Siem Reap police said Wednesday they had searched and confiscated materials from the home of prominent activist monk and human rights defender Venerable Luon Savath, who has since denied being part of an alleged love scandal.
Last week, the Monk Council in Siem Reap announced in a statement that Luon Sovath had been expelled from the clergy for allegedly having intimate relationships with multiple women. This was based on an investigation carried out by the council, the statement read, into Facebook videos purportedly showing him having intimate conversations with at least four women.
However, on Wednesday, Luon Sovath published a social media post calling the Facebook videos fake, manipulated, and denied having any intimate relations with anyone.
“I vehemently deny the allegations, these exaggerations, this smear campaign... which is to make a story that is not true,” he wrote in the Facebook post.
The activist monk did not respond to multiple telephone and social media requests for comment on Wednesday.
In his post, Luon Sovath said the case was a politically-motivated targeting of him and that he was in hiding. “I am now at a safe place far from the cruel animals, like crocodiles and tigers, who can eat [me],” he said.
He added that the police had visited the homes of his parents and two of his nephews, detaining the nephews and questioning them overnight. The police, he said in the post, had also taken away his nephews’ phones, the monk’s camera equipment, an SUV and a television and refrigerator.
“My private property kept at a provincial police station has not been given back,” he said on Facebook.
The Monk Council in Siem Reap could not be reached on Wednesday, leaving it unclear if the police actions were linked to the council’s investigation into the recordings.
Siem Reap Police Chief Tith Narong confirmed that the monk’s home had been searched and some materials are taken into possession, but would not give a reason for this action.
“The court wants to check the belongings he used and check what it was related to. They wanted to find the truth related to the allegation against him.”
Hesitant to speak about the case or any potential charges, Tith Narong said the venerable monk had not committed a criminal offense but that the investigation was needed to check the veracity of the allegations.
He said the confiscated materials will be sent to Phnom Penh for “expert analysis.”
Siem Reap Provincial Court spokesperson Yin Srang confirmed that a search warrant had been issued for a “primary investigation.”
But, he could not pinpoint the alleged charge or crime committed by Luon Sovath, directing further queries to Chuon Sopanha, another court spokesperson.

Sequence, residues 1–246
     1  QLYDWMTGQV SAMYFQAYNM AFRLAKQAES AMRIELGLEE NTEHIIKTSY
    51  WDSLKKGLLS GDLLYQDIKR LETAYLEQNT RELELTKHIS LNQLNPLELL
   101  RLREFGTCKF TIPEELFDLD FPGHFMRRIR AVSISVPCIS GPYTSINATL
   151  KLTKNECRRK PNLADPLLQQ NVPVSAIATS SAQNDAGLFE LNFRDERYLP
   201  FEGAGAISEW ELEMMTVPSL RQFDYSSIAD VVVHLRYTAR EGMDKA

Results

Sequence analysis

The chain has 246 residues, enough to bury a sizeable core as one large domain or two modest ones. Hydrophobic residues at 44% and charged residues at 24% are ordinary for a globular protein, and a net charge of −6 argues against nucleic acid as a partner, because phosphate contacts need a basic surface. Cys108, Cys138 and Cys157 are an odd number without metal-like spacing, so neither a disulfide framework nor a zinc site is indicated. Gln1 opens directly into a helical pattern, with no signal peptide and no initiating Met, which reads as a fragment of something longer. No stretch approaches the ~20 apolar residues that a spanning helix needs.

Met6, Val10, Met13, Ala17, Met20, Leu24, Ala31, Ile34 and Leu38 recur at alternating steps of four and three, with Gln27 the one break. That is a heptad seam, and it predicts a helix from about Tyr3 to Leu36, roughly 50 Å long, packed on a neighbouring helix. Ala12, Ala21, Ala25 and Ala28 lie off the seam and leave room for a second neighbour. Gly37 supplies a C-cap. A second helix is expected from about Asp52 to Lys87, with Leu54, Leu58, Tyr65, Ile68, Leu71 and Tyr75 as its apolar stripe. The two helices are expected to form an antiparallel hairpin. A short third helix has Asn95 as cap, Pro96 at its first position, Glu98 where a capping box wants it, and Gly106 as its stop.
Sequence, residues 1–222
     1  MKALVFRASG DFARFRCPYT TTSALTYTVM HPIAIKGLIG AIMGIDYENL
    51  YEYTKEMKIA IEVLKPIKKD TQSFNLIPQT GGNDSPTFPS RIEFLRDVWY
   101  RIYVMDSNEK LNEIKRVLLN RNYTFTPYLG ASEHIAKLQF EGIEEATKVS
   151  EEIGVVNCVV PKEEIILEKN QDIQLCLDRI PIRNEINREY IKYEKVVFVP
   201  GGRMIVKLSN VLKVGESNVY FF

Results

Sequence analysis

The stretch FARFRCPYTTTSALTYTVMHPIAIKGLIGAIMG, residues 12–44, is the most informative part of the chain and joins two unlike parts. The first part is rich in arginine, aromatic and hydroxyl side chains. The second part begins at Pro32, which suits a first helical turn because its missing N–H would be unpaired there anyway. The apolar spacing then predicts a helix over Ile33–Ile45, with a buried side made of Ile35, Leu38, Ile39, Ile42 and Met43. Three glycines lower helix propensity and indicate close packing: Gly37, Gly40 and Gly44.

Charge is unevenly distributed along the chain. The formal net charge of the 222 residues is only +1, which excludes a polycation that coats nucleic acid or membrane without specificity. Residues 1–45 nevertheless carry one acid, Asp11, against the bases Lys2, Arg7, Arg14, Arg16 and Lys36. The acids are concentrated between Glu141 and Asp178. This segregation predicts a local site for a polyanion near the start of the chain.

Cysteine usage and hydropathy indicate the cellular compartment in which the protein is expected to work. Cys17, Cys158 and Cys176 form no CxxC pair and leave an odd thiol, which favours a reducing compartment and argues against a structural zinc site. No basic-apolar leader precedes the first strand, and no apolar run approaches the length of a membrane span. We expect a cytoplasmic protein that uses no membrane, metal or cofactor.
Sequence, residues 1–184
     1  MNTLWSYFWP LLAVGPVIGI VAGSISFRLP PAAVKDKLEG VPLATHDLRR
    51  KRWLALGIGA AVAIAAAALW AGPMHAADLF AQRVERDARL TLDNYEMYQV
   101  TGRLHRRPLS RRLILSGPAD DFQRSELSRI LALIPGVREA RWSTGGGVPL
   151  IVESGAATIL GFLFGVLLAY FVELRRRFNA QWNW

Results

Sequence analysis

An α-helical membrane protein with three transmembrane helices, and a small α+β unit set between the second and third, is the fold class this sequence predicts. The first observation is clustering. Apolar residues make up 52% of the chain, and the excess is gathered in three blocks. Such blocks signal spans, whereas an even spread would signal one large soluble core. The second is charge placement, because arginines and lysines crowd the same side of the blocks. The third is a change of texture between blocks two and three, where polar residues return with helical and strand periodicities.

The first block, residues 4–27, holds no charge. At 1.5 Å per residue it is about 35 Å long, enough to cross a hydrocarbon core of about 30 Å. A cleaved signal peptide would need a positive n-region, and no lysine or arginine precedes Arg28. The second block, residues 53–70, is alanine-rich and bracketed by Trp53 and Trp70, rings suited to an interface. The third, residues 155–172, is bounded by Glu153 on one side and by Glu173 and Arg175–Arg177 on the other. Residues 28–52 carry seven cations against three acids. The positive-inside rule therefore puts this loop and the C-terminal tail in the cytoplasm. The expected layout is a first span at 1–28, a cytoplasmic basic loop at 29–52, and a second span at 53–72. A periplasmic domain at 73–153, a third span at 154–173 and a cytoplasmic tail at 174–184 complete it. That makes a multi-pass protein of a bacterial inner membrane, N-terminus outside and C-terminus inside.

Chuon Sopanha said he could not comment on the search of Luon Sovath’s home and belongings. “I cannot comment on the case. I will wait for a report from the police,” he said.
Am Sam Ath, the deputy director for rights monitoring at Licadho, said the NGO was aware that the monk’s home had been searched and his family questioned. He added that it was unclear why these actions were taken when it was a matter related to Buddhist practices and not a criminal investigation.
“There are a lot of questions as to why there was a search of his house and confiscation of property. There is no offense,” he said.
In a decision dated June 3, head of the Monk Council in Siem Reap, Chum Kimleng, alleged that Luon Sovath had conversations about “deep love” with women, which were shared on Facebook. The statement added that the conversations were between the monk, a woman and her daughters, alleging that Luon Sovath indulged in sexual activity.
The Monk Council claimed to have investigated the video recordings, but did not provide any evidence or forensic analysis of the videos.
There were four videos circulating on Facebook, and seemed to originate from one account, called Srey Da Chi-Kraeng that was created on May 30. The videos, according to the accompanying text on Facebook, are recordings with four women – a mother and three daughters.
The video recordings are of an unidentified person, or persons, sitting in a dimly-lit room and having Facebook audio conversations, ranging from 7 to 10 minutes each. The video is shot so that only the person’s hand holding the smartphone can be seen.
The Facebook account involved in the alleged call has a male voice and uses an image of Luon Sovath and his name in Khmer script. The conversations are flirtatious and include discussions about giving each other massages.
VOA Khmer found another Facebook account, called Lun Sovath, using the same profile picture and was created on May 29, a day before the Srey Da Chi-Kraeng account was created.
Luon Sovath’s online clarification note was posted to three of his often-used personal accounts and page, but not to the Facebook account named “Lun Sovath.”